A year after the White House released a blueprint for an AI Bill of Rights, President Biden has issued a new executive order to guide government and its partners in the private sector and academia as they develop, assess, and implement equitable uses of AI.
Because automated systems are a reflection of societal biases and structural inequities, AI applications in the public sector have been shown to discriminate based on race, ethnicity, and gender, compounding preexisting inequities. However, AI applications also present significant opportunity to close equity gaps across domains such as health care, housing, criminal justice, and public benefit administration.
With this new guidance and an additional memorandum (PDF) from the Office of Management and Budget, government and community-based organizations have an opportunity to collaborate with public policy researchers to build an evidence base that highlights the current opportunities and risks associated with AI. To promote better social outcomes, the connection between these potential benefits and risks must be more clearly documented and incorporated into a virtuous cycle of learning, which policymakers can use to implement more equitable and responsible applications of these tools.
Responding to the equity mandate by balancing the study of AI’s harms and benefits
A robust response to the federal government’s request for the development and implementation of equitable AI requires a balanced analysis of the harms and benefits resulting from these technologies. To do so, research organizations and policymakers can develop a research framework that aims to disrupt structural racism through rigorous measurement and policy paths for action. In addition to building on the extensive literature on ethical AI and algorithmic bias, equitable AI can pursue participatory quantitative methods that ensure communities of color are at the forefront of designing and assessing the benefits and risks of new automated systems.
Researchers, designers, and regulators can assess the distribution of AI harms and benefits by considering the following three components of equity:
- Procedural equity: How can we design, develop, and implement automated systems to help ensure that marginalized communities receive fair access to services?
- Distributional equity: How can resource allocation and procurement distribute benefits associated with new automated systems to those systemically and historically excluded from accessing them?
- Structural equity: How can new guidance and standards transform the implementation of AI-related policies and the design and redesign of automated systems in a way that incentivizes actors to make measurable progress toward equitable outcomes?
Advancing AI and automated systems to benefit underserved communities
The Urban Institute has already begun to demonstrate how centering equity in the evaluation and implementation of AI and automated systems can have a positive impact. Urban researchers examined the disparate effects on home appraisals that automated valuation models (AVMs) had in majority-Black neighborhoods. Through a regression analysis, the researchers found that AVM accuracy is worse for majority-Black neighborhoods, which can lead to reduced wealth accumulation for Black homeowners and understate risk on Black homeowners’ balance sheets. More recently, Urban researchers released a follow-up report that reinforced their findings of racial differences in AVM accuracy by incorporating satellite imagery data and machine learning models. These publications have informed guidance on rooting out racial and ethnic bias in home valuations and highlighted future areas for studying how AI may shape racial disparities in the mortgage market.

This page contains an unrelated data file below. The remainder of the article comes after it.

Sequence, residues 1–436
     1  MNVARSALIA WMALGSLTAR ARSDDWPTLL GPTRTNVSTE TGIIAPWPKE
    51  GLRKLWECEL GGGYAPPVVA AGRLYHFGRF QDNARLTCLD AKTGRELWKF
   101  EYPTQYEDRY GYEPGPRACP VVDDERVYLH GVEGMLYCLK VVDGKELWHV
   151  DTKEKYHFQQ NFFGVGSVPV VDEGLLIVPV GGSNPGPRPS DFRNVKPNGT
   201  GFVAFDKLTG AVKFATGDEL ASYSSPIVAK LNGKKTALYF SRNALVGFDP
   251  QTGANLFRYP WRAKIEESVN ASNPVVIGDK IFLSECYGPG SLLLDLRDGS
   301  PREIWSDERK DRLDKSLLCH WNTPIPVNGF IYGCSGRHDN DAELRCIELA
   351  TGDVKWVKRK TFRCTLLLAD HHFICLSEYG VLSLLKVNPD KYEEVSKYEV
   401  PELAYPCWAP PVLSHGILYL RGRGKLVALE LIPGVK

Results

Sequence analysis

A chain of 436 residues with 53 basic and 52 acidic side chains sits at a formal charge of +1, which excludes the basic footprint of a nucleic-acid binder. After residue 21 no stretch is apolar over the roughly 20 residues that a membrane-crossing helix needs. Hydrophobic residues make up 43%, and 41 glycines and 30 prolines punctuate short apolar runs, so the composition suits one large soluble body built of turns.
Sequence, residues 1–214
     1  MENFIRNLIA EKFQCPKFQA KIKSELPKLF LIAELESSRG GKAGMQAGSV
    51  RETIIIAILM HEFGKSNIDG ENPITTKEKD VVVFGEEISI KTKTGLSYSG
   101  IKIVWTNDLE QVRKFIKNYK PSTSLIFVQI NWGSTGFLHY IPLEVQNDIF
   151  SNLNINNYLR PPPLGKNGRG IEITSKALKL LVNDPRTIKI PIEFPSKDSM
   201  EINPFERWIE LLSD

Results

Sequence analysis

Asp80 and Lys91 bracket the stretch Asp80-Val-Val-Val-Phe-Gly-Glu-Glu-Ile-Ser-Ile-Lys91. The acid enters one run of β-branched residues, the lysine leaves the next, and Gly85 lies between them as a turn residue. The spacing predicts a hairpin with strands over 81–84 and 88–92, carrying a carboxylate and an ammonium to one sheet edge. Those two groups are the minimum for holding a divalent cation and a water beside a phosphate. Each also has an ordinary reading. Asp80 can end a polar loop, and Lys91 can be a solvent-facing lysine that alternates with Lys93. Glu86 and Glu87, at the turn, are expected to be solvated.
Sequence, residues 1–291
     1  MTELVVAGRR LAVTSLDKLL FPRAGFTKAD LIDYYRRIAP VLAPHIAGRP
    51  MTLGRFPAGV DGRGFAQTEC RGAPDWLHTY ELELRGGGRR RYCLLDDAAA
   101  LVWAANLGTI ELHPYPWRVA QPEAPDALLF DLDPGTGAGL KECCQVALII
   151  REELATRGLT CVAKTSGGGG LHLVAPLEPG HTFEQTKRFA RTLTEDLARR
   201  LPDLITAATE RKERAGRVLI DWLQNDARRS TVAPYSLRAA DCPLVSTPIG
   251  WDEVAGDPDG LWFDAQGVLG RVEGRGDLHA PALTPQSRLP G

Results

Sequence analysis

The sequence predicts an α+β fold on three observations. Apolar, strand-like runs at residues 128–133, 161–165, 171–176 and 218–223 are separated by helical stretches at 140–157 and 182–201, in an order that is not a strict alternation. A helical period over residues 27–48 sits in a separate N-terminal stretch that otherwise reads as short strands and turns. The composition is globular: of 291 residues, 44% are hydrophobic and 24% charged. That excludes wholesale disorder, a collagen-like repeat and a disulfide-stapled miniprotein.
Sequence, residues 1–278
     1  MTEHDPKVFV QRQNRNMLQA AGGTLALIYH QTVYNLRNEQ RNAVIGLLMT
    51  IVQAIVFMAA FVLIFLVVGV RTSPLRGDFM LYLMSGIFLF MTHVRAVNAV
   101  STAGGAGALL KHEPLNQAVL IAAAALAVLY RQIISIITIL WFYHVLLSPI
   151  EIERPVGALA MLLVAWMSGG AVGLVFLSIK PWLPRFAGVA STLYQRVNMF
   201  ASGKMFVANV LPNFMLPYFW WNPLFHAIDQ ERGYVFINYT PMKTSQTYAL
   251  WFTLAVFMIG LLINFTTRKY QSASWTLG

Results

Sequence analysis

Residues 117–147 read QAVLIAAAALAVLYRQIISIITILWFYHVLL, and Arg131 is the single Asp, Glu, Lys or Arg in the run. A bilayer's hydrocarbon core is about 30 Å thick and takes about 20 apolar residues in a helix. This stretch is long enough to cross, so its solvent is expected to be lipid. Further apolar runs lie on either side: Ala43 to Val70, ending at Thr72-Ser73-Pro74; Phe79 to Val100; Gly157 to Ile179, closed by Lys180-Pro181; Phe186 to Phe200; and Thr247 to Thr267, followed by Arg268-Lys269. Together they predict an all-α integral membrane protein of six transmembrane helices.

As rapid advances in AI continue, automated systems will increasingly touch every corner of society, and it’s crucial to ensure they do so in ways that promote equity. We see preliminary research and policy opportunities in the following areas of interest, among others:
- studying racial inequities in Medicaid programs’ risk assessment or adjustment algorithms to generate more racially equitable health outcomes
- investigating how insurers, hospitals, and physicians can use AI to guide data-driven decisionmaking about patient care and diagnosis and assist in triaging limited resources
- utilizing text analysis and natural language processing models (PDF) to identify racial bias in the child welfare system, without prompting overreliance by human decisionmakers on opaque scores (i.e., automation bias)
- opening up the black box on tenant screening data collection processes and consequent landlord behavior, which can disproportionately exclude renters of color from safe and affordable housing
- recalibrating pretrial risk assessment tools that might exhibit racial bias against defendants of color
Building a collaborative evidence base for future AI research
Urban’s Racial Equity Analytics Lab is working across these and other areas of research with our new body of work on equitable AI and automated systems. Housed in the Office of Race and Equity Research, our team draws on a blend of policy expertise, research and data science capacity, and community-engaged approaches to study how we can minimize the harms and maximize the benefits of automated systems. We will continue to apply what we learn to drive our own use of AI to fill data and research gaps across these same domains.
We look forward to collaborating with key stakeholders in federal and state government, nonprofit research, and community-based group collaborators to ensure the outsize benefits and large-scale risks of automated systems are distributed equitably. Please reach out to Rita Ko ([email protected]) to share your interest in partnering with the Urban Institute to evaluate and implement more equitable and impactful algorithmic systems.